Published October 25, 2002
| Associated Press
In the end, it wasn't the white van. Or the white box truck. It was a blue Chevrolet Caprice, the favored undercover car of police departments across the country.
On Thursday, after arresting Gulf War veteran John Allen Muhammad, 41, and John Lee Malvo, 17, investigators said their 1990 sedan was the vehicle from which they killed 10 and wounded three.
It was equipped with four doors and a special trunk platform that allowed someone to lie inside and fire a rifle, investigators said.
A four-door Caprice was previously mentioned in the sniper case, but never received a fraction of the attention bestowed on stories of a white truck and a white van witnesses saw at two shooting sites.
On Oct. 12, the day investigators released a wanted poster of a white truck, Washington, D.C., police chief Charles H. Ramsey said investigators were also looking for a Chevrolet Caprice seen leaving the fatal shooting of Pascal Charlot, 72.
The car's lights were off.
Montgomery County Police Chief Charles Moose, who leads the sniper investigation, was also asked about the car, but seemed to brush it aside.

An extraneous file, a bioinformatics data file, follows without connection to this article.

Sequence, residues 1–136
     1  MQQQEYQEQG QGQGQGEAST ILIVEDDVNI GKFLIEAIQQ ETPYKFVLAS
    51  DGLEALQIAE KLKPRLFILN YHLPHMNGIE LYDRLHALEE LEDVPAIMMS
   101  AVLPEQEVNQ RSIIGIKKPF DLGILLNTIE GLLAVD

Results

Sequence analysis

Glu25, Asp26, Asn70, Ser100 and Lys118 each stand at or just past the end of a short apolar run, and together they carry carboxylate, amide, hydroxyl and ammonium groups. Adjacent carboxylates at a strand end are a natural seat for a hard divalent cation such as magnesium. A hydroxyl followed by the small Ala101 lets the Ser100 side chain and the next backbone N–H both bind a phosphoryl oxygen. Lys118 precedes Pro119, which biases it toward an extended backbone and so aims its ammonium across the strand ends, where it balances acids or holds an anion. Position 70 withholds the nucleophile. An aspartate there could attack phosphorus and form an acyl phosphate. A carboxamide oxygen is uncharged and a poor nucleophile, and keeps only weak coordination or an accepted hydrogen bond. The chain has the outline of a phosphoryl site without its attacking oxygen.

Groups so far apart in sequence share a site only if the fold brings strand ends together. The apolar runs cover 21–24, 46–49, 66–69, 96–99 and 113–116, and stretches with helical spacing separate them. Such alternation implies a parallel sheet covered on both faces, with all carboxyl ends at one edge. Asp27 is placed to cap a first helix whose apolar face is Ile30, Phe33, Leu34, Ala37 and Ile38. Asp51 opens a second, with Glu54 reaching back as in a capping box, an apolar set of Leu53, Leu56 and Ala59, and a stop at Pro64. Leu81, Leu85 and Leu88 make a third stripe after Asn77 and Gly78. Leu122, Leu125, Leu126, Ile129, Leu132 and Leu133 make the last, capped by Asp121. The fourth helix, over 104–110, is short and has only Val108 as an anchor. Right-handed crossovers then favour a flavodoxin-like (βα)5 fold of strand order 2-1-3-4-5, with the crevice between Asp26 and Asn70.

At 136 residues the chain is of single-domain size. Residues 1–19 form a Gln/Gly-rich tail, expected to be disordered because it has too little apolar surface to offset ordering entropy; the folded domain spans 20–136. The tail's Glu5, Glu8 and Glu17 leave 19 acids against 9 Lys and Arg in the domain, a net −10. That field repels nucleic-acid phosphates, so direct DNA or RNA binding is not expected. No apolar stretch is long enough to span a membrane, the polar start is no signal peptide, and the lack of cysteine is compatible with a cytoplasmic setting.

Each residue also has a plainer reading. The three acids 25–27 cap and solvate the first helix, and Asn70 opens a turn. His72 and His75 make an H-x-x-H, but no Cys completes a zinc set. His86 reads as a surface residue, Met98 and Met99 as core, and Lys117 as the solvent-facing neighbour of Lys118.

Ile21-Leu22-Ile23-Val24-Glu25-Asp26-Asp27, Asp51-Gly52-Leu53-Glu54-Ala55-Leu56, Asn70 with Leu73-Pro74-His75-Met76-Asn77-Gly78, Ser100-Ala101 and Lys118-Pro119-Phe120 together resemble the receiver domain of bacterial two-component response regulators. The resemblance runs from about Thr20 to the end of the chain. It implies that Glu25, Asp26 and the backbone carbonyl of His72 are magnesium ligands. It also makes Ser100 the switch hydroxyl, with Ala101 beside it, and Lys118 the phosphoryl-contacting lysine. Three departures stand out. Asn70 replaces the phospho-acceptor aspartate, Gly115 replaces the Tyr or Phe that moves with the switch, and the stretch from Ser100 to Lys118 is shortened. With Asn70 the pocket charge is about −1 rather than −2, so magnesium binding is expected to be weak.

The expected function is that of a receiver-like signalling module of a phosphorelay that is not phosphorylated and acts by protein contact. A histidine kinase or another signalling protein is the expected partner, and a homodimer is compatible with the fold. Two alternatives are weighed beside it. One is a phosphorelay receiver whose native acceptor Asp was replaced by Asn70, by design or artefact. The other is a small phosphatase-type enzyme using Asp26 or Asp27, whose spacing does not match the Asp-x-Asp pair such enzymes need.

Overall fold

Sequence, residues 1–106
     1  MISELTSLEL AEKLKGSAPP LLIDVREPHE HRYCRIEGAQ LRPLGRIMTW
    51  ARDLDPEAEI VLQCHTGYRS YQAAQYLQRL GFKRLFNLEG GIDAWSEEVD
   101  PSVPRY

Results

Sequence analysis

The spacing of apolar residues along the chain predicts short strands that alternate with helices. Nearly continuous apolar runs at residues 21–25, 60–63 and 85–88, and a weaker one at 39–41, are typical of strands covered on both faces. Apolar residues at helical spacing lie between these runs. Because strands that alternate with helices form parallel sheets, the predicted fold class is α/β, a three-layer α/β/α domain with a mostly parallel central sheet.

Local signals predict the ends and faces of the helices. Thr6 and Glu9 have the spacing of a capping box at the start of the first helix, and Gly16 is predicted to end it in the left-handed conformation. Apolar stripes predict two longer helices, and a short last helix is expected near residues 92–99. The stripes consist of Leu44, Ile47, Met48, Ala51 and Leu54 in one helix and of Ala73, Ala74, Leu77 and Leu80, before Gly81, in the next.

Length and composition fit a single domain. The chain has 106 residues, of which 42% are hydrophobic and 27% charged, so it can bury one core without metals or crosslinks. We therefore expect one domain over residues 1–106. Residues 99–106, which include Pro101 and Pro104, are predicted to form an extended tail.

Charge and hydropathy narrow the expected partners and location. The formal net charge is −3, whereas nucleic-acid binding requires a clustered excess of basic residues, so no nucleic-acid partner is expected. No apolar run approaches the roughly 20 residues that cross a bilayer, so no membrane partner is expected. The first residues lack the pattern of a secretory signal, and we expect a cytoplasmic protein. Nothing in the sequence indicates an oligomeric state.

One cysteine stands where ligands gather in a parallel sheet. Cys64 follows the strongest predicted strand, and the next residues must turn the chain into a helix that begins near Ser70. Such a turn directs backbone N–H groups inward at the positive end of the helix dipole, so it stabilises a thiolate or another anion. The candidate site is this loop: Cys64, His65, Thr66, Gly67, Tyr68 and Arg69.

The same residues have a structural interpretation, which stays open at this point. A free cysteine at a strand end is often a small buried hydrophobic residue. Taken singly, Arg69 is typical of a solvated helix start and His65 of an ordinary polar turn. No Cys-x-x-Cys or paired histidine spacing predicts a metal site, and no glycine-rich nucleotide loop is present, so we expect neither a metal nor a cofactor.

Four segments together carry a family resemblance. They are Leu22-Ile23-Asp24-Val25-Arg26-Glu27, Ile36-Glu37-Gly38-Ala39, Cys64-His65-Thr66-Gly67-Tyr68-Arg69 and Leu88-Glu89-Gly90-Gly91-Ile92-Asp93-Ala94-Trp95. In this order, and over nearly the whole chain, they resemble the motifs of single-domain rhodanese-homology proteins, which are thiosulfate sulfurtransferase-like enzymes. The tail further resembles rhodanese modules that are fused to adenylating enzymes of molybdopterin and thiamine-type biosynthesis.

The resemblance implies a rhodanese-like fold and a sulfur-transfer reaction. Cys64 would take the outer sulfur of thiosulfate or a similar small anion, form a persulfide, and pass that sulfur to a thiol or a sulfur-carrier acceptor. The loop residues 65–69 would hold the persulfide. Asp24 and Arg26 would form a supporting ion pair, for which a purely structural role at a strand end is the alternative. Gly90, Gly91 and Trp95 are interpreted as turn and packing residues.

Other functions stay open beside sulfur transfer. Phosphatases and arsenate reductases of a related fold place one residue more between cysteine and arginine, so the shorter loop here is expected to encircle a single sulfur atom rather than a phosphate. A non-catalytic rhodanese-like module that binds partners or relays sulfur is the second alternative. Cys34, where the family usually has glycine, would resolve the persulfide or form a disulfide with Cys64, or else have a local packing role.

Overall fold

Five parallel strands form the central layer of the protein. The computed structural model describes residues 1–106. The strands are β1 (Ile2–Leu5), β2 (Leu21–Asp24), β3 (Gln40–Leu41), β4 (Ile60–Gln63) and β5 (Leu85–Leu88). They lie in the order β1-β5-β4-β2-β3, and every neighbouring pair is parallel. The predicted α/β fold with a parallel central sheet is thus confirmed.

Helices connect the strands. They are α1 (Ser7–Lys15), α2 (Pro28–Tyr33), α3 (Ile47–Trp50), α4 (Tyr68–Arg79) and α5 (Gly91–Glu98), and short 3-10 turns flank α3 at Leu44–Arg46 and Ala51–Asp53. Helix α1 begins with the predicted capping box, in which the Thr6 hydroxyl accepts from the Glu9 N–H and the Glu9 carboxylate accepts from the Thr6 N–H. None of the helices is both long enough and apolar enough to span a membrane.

"There's been more law enforcement focus on that; not a big push for public feedback about that," he said Oct. 13 on national TV.
On Oct. 8, police approached the Caprice on a Baltimore street and found Muhammad sleeping in the vehicle, police spokeswoman Ragina Averella said. That was the day after a 13-year-old boy in Bowie was wounded as he arrived at school.
But investigators were looking for a white van, and Muhammad was told to move on, The (Baltimore) Sun reported.
Investigators focused on all-too-human witness recollections, criminal experts said.
"Eyewitnesses are not reliable," said James Starrs, professor of forensic science at George Washington University in Washington, D.C.
Carrie Parks, a forensic consultant, said mammoth investigative teams, like the one hunting the Washington-area sniper, are prone to infighting.
"In these big task forces, there's going to be a lot of disagreement about what gets out, what gets released," she said. "There's a lot of egos involved."
Reid Meloy, a forensic psychiatrist, said human frailty affects witnesses and investigators.
"In the frenzy of these kind of investigations, evidence gets pushed aside, things get ignored, mistakes are made," he said.